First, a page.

North Delta Secondary School principle Aaron Akune and his letter delivery team. From left Haris Muhammad, Kevin Dalgetty, Anisha Gill, Aaron Akune, Sandeep Rakhra and Ben Scarr. Not pictured: Rajnit Kingra and Esha Nijjar. (David Valencia photo)

Early welcome to high school for North Delta Secondary’s incoming Grade 8s

NDSS principal, vice-principals and student volunteers hand-delivered welcome letters to 200 homes

By David Valencia for the North Delta Reporter

Incoming Grade 8s at North Delta Secondary got some unexpected visitors last week when the school’s administrators dropped by to introduce themselves and hand-deliver welcome letters to the students.

Between Aug. 19 and 22, NDSS principal Aaron Akune, along with vice-principals Kevin Dalgetty and Ben Scarr and a small group of student volunteers, made the rounds delivering the letters and giving the students’ families a chance to meet them before the start of the school year on Tuesday, Sept. 3. 

“If it says nothing else, it says hey, you matter enough to us that we’re going to take the time to come to you to try and initiate that relationship,” Akune said.

“We’re probably working with [the students] for five years so why not make the first point of contact a positive one.”

“I was familiar with the idea,” Dalgetty said. “So I was receptive to the idea, thinking it would be a good idea, especially after our first few months here trying to reach out and connect with the community that is based around the school.”

The idea for delivering the letters came from a blog post by an American high-school principal that Akune read during the summer of 2017, when he was principal at Sands Secondary. That August, Akune made the rounds with vice-principal Joanna Macintosh, visiting 136 homes over three days.

READ MORE: North Delta Grade 8s get a hand-delivered start to the school year

This year was Akune’s first time delivering letters as principal of NDSS, a post he took over in September 2018, and he enlisted the help of Hindi- and Punjabi-speaking students from the school’s leadership club to help with the deliveries and to translate for him when visiting non-English speaking families.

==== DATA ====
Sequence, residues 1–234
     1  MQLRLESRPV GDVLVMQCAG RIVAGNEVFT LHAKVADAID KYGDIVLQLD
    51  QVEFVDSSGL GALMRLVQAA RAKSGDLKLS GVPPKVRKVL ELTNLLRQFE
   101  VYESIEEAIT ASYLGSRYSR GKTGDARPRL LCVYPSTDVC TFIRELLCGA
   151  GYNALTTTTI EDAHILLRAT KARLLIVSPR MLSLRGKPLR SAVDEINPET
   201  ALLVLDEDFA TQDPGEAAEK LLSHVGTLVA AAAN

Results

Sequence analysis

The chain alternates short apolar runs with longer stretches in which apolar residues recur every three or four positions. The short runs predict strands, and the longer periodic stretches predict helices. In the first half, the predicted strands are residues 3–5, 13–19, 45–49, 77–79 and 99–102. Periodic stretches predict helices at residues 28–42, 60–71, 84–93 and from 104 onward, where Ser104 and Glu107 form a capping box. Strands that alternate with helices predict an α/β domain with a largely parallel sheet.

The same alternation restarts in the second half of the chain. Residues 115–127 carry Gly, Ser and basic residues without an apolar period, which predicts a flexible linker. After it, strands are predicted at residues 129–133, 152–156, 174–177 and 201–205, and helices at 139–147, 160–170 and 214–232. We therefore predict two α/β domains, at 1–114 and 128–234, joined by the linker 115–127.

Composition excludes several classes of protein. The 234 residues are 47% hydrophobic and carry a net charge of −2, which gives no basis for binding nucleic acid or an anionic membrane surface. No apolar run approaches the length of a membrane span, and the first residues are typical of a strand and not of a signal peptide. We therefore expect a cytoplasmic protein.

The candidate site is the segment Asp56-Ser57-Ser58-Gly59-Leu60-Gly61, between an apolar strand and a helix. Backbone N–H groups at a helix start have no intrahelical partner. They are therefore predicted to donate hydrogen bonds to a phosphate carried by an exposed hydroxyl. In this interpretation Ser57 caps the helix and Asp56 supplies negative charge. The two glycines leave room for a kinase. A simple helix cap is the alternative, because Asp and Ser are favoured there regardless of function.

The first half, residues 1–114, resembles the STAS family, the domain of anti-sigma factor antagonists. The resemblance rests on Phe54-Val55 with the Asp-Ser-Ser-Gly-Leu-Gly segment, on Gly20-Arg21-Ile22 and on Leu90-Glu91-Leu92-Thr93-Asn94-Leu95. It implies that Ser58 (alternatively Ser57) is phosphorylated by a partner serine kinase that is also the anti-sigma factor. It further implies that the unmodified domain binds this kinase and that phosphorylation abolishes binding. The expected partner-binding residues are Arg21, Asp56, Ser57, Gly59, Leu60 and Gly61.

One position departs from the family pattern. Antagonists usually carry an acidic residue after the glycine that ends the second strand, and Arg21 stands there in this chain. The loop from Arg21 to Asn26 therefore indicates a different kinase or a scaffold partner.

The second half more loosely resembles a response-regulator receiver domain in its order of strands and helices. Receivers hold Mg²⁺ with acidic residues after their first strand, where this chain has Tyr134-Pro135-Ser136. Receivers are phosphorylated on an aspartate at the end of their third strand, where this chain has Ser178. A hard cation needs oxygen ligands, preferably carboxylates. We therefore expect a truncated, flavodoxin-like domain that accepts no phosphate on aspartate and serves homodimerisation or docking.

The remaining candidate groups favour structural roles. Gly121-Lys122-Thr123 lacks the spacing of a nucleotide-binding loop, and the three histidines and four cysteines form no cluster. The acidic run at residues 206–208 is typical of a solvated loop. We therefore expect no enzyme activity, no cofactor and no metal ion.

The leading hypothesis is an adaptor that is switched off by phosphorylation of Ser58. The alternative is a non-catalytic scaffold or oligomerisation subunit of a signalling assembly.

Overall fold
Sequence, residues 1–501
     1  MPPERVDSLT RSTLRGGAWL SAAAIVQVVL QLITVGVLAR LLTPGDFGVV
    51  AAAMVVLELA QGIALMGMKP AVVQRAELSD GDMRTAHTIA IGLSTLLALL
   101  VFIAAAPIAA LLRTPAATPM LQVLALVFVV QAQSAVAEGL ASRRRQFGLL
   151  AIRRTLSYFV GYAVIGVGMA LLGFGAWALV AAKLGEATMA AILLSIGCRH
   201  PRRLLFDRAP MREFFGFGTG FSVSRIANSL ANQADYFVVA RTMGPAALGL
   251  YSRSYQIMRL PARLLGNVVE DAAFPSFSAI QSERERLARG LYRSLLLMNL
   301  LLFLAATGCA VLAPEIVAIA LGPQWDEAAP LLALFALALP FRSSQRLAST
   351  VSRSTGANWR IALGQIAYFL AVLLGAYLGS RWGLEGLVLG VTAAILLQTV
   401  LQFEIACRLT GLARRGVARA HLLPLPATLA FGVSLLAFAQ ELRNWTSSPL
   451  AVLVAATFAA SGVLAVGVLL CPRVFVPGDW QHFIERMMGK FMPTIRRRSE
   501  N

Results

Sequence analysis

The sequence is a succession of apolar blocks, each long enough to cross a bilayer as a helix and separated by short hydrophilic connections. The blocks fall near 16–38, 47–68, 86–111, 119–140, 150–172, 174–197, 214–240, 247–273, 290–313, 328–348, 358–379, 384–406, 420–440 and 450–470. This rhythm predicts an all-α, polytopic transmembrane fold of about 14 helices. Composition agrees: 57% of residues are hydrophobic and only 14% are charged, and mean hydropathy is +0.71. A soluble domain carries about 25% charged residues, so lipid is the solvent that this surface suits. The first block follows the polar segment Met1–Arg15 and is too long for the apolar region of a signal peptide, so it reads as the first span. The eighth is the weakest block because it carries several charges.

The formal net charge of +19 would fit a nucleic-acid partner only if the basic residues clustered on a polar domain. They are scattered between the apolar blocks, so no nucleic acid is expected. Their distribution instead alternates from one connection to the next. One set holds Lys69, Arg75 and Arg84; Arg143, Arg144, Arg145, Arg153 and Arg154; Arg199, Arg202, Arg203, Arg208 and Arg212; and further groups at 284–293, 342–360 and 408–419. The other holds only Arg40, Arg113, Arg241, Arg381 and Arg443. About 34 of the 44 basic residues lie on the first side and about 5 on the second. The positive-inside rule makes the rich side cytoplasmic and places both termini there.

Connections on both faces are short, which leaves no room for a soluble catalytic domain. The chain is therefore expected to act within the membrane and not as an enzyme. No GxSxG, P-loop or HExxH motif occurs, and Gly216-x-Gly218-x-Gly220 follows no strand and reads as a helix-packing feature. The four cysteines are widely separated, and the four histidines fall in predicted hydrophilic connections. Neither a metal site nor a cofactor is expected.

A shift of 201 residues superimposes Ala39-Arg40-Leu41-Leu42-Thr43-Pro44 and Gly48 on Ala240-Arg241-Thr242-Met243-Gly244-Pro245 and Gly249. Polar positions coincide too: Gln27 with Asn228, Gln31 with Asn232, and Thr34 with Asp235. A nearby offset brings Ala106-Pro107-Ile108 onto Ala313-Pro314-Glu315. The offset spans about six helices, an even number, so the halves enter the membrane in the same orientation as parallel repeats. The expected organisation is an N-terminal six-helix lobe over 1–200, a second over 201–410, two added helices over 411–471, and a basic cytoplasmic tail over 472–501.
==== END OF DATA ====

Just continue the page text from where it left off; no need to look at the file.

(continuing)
“The biggest challenge we were anticipating, which is where [our volunteers] came in, was the language barrier,” Akune said.

Student volunteer Sandeep Rakhra related a bit of positive feedback a parent had given to him after translating for Akune and company: “Convenient that you brought a translator because there’s a lot of Punjabi speaking community here.”

Not only did the student volunteers help break down the language barrier, they also introduced themselves to incoming Grade 8 students as someone who they could ask for help during their transition from elementary to high school.

“[The] first day of school can be kind of nerve-wracking,” student volunteer Anisha Gill said. “Knowing someone who can say hello to you and call you by your first name, and maybe have the connection of being able to speak the same language, is a great start to the school year.”

“A lot of us are helping out the Grade 8s within the first year of school,” student volunteer Haris Muhammad said. “So they might not remember our names [from] when we went door to door, but when we are doing our presentations about school expectations they’ll recognize us so that we can build the sort of friendship within that first year of school.”

Over the span of four days, Akune and his team delivered letters to 200 homes, with the student volunteers translating their greetings at about a third of them.

That personal touch and face-to-face contact is already having a positive effect and helping to build bridges between the school and the families of its students, with many of them reaching out to thank Akune and his team for their warm welcome to NDSS.

— with files from Grace Kennedy



editor@northdeltareporter.com

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